Best and Natural Ways to Deodorize Newly Painted Rooms 

Repainting the interiors of your home can certainly help you relive the love you’ve felt when you first moved into your cozy space. Whether you’ve chosen to just go with the old colors, or you’ve chosen to reinvent your space with a splash inspired by the latest home trends, repaint jobs usually give you a mood boost.

That is, until the paint fumes start attacking your nostrils, and you find that you simply can’t live with the smell even if you’ve chosen a water-based canister, and the smell is “not as bad” as oil-based paint. So how can you kick that annoying paint smell out of your room fast? These simple tips should help. 

Activate charcoal 

Do you have any charcoal left over from your barbeque party last weekend? Go outdoors, put the unactivated charcoal onto a pan, let the pan sit on a safe surface that won't burn when heated, and ignite the charcoal. You don't need to keep the coals too hot. Wait for the red edges to soften and the smoke to minimize before bringing it back to your home. Don't hold the pan with your bare hands, though. Use a thong instead of a pot holder just to be on the safe side.

Leave the pan with charcoal on a safe corner of the room, again on a surface that won't discolor or burn when hot, for a few hours. The smell should be gone in one to two hours as long as you've also kept the windows open and the room vented out. Do not place pan close to a fan because this could reignite the charcoal. If you must leave the room, make sure you check on the coal every few minutes just to make sure you don't start a fire. 

Light up an incense 

Just like the charcoal idea, incense produces smoke and this can help to neutralize the smell of your room. Unlike charcoal, though, the deodorizing prowess of an incense is a little bit lower. However, because it is designed to be lit indoors, it's a lot safer and less messier. If you have an incense stand, this also keeps your floors and tables from getting damaged by the heat. 

Choose a scent, though, that would help eliminate the paint odors instead of blend with it and actually make is smell worse. Safe choices include lavender and vanilla. Some home owners like the smell of bamboo in their homes. Citrus smells can work wonders if you're using a liquid deodorizer, but for some reason, citrus incenses do not always have the same effect. The real judge are your nostrils, though.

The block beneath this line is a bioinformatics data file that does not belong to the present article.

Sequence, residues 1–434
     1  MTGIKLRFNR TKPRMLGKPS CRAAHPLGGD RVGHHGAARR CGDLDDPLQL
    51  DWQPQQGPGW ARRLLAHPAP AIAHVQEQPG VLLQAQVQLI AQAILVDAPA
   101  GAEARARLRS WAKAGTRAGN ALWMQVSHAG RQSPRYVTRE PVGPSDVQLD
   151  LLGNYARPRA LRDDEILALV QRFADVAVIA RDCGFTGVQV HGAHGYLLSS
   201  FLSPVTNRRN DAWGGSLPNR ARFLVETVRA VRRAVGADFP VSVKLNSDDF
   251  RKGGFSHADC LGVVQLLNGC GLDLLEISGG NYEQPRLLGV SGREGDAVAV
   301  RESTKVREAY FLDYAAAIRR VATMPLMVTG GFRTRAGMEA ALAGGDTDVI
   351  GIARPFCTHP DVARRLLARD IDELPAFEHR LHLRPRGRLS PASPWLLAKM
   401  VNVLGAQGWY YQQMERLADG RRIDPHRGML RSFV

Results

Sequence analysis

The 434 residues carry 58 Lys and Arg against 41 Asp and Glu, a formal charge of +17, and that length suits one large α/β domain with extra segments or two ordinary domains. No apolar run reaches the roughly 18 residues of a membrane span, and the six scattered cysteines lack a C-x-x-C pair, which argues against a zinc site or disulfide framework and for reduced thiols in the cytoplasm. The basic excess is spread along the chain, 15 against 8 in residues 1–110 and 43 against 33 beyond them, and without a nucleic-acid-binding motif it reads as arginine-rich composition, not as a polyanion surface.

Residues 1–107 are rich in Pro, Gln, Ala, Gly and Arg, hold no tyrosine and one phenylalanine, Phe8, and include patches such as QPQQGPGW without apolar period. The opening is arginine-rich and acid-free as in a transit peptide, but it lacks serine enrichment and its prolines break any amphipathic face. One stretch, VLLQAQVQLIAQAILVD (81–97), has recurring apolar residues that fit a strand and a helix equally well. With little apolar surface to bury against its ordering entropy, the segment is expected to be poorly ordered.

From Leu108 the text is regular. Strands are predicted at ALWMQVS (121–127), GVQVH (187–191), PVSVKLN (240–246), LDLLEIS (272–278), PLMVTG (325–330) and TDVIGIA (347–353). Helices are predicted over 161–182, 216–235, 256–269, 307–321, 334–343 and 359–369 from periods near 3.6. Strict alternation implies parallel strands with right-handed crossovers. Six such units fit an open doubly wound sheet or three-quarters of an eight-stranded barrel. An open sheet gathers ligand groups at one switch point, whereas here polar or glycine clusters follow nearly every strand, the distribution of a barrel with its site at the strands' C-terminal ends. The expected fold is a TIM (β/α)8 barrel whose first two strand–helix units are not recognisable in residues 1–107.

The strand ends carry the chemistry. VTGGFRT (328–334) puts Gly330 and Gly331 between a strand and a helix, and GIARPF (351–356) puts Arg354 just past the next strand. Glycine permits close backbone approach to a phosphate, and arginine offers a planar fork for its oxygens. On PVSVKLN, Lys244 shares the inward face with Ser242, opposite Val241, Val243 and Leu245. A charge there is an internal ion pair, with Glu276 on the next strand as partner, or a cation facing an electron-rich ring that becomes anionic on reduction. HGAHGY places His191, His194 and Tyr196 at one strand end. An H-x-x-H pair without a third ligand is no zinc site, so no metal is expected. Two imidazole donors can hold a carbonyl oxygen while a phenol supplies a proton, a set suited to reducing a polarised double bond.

Sliced lemons and water 

LemonCredit: By André Karwath aka Aka (Own work) [CC-BY-SA-2.5 (], via Wikimedia Commons

Generally, liquid natural deodorizers work wonders in deodorizing a room but are not as fast as activated carbon. If you're looking for a safe and easy way to neutralize the paint smells in your room, though, you can try slicing about five lemons and placing them in a bucketful of water at the corner of your room. Usually, this works overnight, but if the fumes are really bad and you feel that you need to continue with the treatment for another night or two, simply change the water. There's no need for you to replace the lemons. They should still work their magic. 

Vinegar in a bowl

This is similar to the sliced lemons and water, but the acidic smell is harsher, which could work for you or not work for you. It depends on the intensity of the paint smell, and your tolerance for the smell of vinegar. The vinegar in a bowl trick usually works overnight, but in some cases, the bowl needs to be left for a little longer to completely get rid of the paint smell. In other cases, though, the vinegar actually overpowers the paint smell and lingers, but only if you've spilled some vinegar on a cloth surface.

Once it does its job, you can simply drain the vinegar on a sink and wash your bowl. This should get rid of the vinegar smell too, if that annoys you. Use white vinegar for optimum results.